Pick n Pay eyes fuel stops
Business Day - Apr 24th 2012, 08:34
Pick n Pay was now "well placed" to fulfil its founder Raymond Ackermanâ€™s dream of free-market petrol prices, thanks to a deal with BP Southern Africa, a company spokeswoman said yesterday.
The partnership will see the rollout of 120 PnP Express stores at BP service stations in the major metropolitan areas across SA over the next five years.
Despite many years of hard campaigning, SAâ€™s petrol prices remain government-controlled and price competition between garages is outlawed.
Mr Ackermanâ€™s campaign for petrol price competition came a step closer yesterday, Pick n Pay spokeswoman Tamra Veley said.
The rollout of the small-format stores would focus on BP sites "most suitably located for Pick n Payâ€™s customers", SAâ€™s second-largest supermarket group said.
The two first signed a memorandum of understanding in July 2008 and opened two PnP Express stores, in Hout Bay and Tokai in the Western Cape, at the end of that year. There are now nine in SA.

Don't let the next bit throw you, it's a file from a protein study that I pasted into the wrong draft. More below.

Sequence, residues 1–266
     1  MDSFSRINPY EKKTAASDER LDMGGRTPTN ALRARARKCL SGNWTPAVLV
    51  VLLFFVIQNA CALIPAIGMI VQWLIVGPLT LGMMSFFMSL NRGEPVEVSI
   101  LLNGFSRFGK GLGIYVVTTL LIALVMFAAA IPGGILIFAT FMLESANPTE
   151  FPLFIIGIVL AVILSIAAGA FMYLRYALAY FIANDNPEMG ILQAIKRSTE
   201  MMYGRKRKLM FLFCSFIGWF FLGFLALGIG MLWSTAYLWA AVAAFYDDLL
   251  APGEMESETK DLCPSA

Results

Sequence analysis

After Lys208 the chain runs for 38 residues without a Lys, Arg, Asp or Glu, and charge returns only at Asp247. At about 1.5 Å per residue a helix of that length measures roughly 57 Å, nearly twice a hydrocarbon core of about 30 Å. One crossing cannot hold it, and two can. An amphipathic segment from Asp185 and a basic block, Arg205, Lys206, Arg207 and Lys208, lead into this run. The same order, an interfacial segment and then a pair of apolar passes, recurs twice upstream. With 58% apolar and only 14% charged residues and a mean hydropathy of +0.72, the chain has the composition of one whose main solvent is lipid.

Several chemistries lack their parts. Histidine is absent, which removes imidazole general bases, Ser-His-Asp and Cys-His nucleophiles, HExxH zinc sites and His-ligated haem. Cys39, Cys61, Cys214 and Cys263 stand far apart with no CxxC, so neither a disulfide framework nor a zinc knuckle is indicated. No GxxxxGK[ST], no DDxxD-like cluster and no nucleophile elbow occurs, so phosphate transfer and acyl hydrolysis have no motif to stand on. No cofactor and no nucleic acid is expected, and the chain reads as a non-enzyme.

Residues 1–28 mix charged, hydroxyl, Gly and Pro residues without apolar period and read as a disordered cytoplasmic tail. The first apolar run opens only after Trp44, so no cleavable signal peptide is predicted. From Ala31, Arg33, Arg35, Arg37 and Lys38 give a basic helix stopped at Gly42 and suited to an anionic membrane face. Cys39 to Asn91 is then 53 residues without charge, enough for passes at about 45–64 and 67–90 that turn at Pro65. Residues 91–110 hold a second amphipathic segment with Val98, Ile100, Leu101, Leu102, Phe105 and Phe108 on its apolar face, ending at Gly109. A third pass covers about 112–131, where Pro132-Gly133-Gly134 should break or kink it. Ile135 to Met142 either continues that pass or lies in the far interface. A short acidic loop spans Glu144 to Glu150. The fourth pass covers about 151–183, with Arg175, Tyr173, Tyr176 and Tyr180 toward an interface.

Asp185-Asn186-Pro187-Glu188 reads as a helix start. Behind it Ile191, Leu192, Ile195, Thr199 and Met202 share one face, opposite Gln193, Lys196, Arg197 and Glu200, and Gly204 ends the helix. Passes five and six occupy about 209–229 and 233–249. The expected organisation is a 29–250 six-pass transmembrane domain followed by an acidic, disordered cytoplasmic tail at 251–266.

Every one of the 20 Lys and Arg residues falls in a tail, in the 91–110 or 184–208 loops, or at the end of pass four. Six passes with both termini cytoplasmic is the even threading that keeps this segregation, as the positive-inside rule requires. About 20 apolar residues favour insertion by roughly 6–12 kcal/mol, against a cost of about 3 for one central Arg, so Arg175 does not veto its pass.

Deputy CEO Richard van Rensburg said it was a "great opportunity" for Pick n Pay to extend its brand offering to existing customers and expose it to BP forecourt customers. "Weâ€™ve tested the format â€¦ and the feedback â€¦ is very positive."
Between 1500 and 2500 product lines are available, with the focus on convenience meals, prepacked fresh produce, fresh meat, baked goods, and a selection of hot foods, 24 hours a day, seven days a week.
Customers can also use Pick n Pay loyalty cards.
Woolworths has a similar partnership with Engen and Caltex with Fruit & Veg City.
Nedbank Securities analyst Syd Vianello said Pick n Pay should focus on existing problems before getting involved in the forecourt business.
"I donâ€™t believe it will make much money from it."
He said it would add another layer of fees for the operator of the site, who already pays fuel companies and supplier rebates.
Pick n Pay could be hoping, as Woolworths has done, to extract value for its own-branded goods, but it did not have the range to make inroads, and its distribution model was not geared towards it. "If the real objective is to discount fuel â€” it would be an extremely difficult business."
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